A month ago, I read about Assembly Bill 540, which Joel Kleefisch, Republican Representative of Oconomowoc, was planning on introducing to the Wisconsin State Assembly. I thought it was incomplete, but some ideas were not to be dismissed entirely: capping child support payments to $150,000 in yearly income, which the bill proposed, was not unreasonable to me.  As much as I am for the top 10% to pay their fair share of taxes, I don’t see why child support payments ought to guarantee a 10% life style to an ex-spouse who happened to have married into the 10%. The bill was also aiming at guaranteeing “an equalized placement of children into both families.” That resonated nicely to me; we non-custodial fathers too often are granted pitiful visitations of our children.

However the fathers’ rights rhetoric of bill 540 proved pure smoke screen. In fact, Kleefisch had one father in mind when he was writing the bill, his multimillionaire friend, Michael Eisenga, who is also a contributor to his campaign and to that of his wife, who is Lieutenant Governor of the State of Wisconsin. Even better, Eisenga, unhappy with his child support obligations, was holding Kleefisch’s pen. On January 15, the bill was withdrawn from committee hearing.

The saddest thing in this story is that there is a bunch of fathers besides Eisenga who really needed a break. Let’s be fair with Wisconsin Child Support guidelines: They are immensely more sophisticated than New York State’s.  Income subject to child support is determined as an arbitrary percentage of each parent’s gross income (wrong), yet a component of child support obligations (day care for instance) is adjusted for the time the child spends with each parent (right), and income disparity is stated to factor in the computation of child support obligations. Wisconsin Child Support guidelines also describe sources of income subject to child support payments, which include social security disability benefits and unemployment benefits. The folks that live off such income often need to have their child support obligations revised downwards or be exempted from child support obligations altogether. Obviously Kleefisch and his pal Eisenga were not thinking about them.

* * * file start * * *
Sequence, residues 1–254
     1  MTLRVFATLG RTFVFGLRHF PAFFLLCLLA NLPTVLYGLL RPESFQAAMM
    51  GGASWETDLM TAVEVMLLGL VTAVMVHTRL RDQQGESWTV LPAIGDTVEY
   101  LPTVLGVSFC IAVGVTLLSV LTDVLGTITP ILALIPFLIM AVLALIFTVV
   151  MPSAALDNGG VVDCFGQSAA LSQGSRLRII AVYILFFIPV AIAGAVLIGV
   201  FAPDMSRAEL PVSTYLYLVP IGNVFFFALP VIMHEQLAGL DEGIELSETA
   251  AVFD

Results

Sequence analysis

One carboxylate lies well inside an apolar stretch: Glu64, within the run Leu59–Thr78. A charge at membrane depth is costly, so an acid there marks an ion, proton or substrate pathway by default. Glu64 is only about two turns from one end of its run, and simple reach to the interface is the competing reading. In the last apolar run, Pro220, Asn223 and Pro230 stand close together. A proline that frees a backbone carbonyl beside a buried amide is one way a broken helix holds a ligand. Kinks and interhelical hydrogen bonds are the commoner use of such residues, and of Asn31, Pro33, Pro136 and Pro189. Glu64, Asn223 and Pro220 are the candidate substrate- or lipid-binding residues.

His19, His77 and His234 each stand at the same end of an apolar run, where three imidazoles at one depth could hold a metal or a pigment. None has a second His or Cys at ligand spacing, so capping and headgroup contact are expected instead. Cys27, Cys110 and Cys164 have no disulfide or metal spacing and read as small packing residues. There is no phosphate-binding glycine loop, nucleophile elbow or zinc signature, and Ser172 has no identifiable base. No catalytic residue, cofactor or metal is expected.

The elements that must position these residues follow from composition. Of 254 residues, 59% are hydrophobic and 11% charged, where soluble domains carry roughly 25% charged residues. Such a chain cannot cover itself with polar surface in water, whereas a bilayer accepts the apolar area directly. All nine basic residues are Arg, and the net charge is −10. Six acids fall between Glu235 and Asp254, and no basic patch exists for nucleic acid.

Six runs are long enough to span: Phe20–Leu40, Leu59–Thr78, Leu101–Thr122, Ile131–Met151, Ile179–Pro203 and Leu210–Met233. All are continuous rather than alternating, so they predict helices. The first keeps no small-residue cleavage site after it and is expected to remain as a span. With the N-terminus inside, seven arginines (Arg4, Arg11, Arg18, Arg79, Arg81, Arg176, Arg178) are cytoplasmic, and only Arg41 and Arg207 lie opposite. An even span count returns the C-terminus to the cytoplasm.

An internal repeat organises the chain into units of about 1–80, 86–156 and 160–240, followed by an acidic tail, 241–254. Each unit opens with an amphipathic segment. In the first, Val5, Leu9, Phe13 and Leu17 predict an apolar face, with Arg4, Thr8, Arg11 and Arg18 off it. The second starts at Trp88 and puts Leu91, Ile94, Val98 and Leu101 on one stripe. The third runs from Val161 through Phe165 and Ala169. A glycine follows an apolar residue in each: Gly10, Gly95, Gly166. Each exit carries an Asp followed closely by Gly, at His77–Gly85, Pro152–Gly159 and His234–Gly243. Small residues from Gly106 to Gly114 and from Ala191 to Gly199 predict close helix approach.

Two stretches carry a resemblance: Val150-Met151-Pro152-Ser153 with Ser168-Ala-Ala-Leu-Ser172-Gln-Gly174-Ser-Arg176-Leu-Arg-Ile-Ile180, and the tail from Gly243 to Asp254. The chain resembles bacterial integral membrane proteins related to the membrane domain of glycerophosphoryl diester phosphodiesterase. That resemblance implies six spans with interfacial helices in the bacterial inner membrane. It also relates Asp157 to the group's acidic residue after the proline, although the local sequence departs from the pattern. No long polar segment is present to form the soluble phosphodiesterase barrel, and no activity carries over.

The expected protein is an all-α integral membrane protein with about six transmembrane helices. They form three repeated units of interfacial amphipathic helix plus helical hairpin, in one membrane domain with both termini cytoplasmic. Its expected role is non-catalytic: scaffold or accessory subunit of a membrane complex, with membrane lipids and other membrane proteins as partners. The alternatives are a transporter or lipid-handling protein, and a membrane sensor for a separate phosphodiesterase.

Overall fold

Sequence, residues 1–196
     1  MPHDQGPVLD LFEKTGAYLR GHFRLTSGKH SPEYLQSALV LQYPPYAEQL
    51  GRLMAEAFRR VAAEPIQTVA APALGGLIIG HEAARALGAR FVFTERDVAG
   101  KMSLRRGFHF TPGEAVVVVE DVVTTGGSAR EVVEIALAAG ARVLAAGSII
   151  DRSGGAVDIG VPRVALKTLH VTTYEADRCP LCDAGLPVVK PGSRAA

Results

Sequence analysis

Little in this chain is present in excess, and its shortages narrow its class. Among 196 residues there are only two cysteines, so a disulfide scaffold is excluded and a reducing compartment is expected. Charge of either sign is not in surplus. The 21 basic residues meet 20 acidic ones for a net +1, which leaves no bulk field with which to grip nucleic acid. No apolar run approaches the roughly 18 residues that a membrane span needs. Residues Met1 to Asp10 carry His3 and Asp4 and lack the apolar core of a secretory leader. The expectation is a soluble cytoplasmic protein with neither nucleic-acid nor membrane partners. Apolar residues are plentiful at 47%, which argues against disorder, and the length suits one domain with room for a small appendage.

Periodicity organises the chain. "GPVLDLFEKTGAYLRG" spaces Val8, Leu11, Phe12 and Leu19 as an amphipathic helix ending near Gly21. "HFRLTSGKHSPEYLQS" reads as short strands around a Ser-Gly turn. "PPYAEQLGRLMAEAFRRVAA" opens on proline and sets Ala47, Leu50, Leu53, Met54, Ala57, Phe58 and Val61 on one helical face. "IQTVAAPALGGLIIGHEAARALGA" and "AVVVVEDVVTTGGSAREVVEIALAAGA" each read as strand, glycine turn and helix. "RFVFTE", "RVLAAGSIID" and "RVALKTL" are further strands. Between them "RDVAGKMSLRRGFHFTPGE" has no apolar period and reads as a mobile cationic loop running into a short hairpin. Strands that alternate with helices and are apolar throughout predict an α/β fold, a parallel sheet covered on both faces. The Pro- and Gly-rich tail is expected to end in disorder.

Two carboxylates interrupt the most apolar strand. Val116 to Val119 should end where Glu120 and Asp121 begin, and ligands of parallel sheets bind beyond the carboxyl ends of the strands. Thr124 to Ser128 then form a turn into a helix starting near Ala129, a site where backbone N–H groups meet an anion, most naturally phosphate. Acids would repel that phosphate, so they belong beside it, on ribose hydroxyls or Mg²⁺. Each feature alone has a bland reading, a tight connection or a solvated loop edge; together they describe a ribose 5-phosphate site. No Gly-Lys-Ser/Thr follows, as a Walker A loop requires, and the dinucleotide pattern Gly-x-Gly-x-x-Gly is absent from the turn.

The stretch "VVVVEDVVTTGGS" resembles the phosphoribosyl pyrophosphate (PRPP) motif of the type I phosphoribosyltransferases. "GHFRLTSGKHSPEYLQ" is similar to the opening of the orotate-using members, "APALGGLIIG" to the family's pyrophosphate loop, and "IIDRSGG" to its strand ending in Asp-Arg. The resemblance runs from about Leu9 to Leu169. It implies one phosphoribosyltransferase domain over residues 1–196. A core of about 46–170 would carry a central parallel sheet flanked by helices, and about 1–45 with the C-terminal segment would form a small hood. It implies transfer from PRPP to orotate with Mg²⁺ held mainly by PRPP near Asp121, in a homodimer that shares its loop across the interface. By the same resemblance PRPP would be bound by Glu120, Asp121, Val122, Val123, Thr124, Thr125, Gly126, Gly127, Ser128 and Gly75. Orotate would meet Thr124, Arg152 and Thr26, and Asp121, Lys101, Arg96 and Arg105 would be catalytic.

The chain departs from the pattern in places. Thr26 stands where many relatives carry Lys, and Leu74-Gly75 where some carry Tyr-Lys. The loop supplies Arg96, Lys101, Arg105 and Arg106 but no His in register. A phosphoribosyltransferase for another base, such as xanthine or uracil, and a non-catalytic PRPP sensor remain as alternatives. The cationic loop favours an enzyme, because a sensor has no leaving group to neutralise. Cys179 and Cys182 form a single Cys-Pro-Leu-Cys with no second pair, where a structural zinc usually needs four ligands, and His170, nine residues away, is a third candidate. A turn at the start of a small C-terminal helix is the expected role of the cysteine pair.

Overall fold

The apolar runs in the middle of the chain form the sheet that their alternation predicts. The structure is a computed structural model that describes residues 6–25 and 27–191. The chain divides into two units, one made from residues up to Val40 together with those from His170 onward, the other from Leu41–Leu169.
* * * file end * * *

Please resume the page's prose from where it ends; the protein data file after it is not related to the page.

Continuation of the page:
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A long, long blessed time ago, I was spending weekends playing dolls with my girls. And I liked combing the thick, curly hair of my little one. There is nothing especially unusual with that. Much less, I think, that a mum – late Adam Lanza’s- bringing his son to gun shows and planning to offer him one for Christmas.

Well, maybe I have it wrong,

Doyin Richards

Doyin Richards

Here is a nice guy, Doyin Richards. He has a blog, Daddy Doin’ Work, which is about him raising his girls. He is also on paternity leave, (paid paternity leave?), which, in this- not- so -socially- advanced country, is something that should make people rejoice. He posts a picture of him combing his girl, among others to show his wife he could handle the job.

His blog is flooded messages – from fathers-  calling him a sissy, a deadbeat dad, a kind of uncle Tom, a man who cannot handle a black woman. Some asked him if he rented the girls (?).  Enjoy.

http://www.huffingtonpost.com/doyin-richards/i-have-a-dream-picture-like-this_b_4562414.html

Perhaps we deserve the condescending family justice system we have that only sees fathers as just good enough to pay child support.